As will be described below in one form, a circuit is provided, that is adapted to receive power from a power supply. The circuit includes a machine intelligence (MI) processor, an energy reservoir, power switching circuitry adapted to be coupled to the power supply, the energy reservoir, and to power delivery circuitry of the MI processor, and control circuitry operable to direct the power switching circuitry to charge the energy reservoir from the power supply or discharge the energy reservoir to the MI processor based on MI state information obtained from the MI processor.

As will also be described below, in another form, a method of power control includes receiving state information from an integrated circuit configured to perform machine intelligence (MI) operations. From the state information, the method determines a first condition exists in the integrated circuit, and in response directs power from a power supply to an energy reservoir. The method, also from the state information, determines that a second condition exists in the integrated circuit, and in response directs power from the energy reservoir to the integrated circuit.

As will further be described below, in still another form, a system is provided adapted to receive power from a power supply. The system includes a semiconductor device configured for operating a machine intelligence (MI) processor, and including power terminals adapted to be coupled to positive and negative terminals of the power supply. An energy reservoir is adapted to be coupled to the power supply positive and negative terminals and the power terminals of the semiconductor device. An energy reservoir controller coupled to the power supply, the energy reservoir, and to power delivery circuitry of the semiconductor device, the energy reservoir controller operable to direct power to charge the energy reservoir from the power supply or discharge the energy reservoir to the semiconductor device based on state information associated with the semiconductor device.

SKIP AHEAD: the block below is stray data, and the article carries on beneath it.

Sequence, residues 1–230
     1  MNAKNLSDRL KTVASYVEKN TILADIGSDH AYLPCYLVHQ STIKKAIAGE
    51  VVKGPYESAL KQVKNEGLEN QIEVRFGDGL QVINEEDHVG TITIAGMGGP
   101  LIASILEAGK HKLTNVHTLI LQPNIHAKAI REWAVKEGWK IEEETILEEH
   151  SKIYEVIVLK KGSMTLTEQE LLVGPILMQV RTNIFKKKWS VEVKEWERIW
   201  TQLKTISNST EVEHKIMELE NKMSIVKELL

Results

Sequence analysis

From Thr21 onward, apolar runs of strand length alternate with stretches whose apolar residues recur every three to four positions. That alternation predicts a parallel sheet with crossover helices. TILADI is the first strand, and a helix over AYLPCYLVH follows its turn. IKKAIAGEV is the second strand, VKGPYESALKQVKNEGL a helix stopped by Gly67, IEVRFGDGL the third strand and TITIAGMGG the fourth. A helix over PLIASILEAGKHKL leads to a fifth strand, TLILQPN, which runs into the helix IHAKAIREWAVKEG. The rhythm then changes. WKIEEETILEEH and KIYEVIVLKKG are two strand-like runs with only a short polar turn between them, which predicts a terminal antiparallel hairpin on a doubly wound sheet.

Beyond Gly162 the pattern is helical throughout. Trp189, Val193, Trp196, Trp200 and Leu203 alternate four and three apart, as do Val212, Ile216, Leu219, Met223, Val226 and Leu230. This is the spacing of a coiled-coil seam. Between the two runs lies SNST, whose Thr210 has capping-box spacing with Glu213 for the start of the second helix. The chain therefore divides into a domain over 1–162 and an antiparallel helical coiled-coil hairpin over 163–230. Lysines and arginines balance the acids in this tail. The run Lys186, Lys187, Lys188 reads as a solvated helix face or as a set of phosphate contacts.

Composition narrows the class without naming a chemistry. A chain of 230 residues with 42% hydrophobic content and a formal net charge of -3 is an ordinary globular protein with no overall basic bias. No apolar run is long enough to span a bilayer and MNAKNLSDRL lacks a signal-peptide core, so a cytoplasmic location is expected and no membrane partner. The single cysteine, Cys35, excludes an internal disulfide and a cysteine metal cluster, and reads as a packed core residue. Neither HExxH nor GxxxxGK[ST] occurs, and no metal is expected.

FIG. 1 illustrates in block diagram form a machine intelligence system 100 and its power delivery system. System 100 includes a machine intelligence (MI) processor 110 connected to receive power from power supply 102 through power delivery circuitry 104. MI processor 110 includes at least one semiconductor chip configured for operating a machine intelligence (MI) processor, and may be implemented as a monolithic semiconductor chip, a multi-chip module, or a group of interconnected chips or modules. MI processor 110 includes power terminals adapted to be coupled to positive and negative terminals of the power supply 102.

Power supply 102 may be any suitable power supply including a point-of-load power supply, a module-level, or a board-level power supply. Power delivery circuitry 104 may include power conditioning circuitry, a point-of-load supply or converter, smoothing capacitors, decoupling capacitors, or other suitable known power delivery circuitry. Power delivery circuit 104 may provide voltage boost or buck capability for the voltage delivered to MI processor 110. Power delivery circuitry 104 may be implemented board level circuitry, package level circuitry, or on-chip power conditioning circuitry.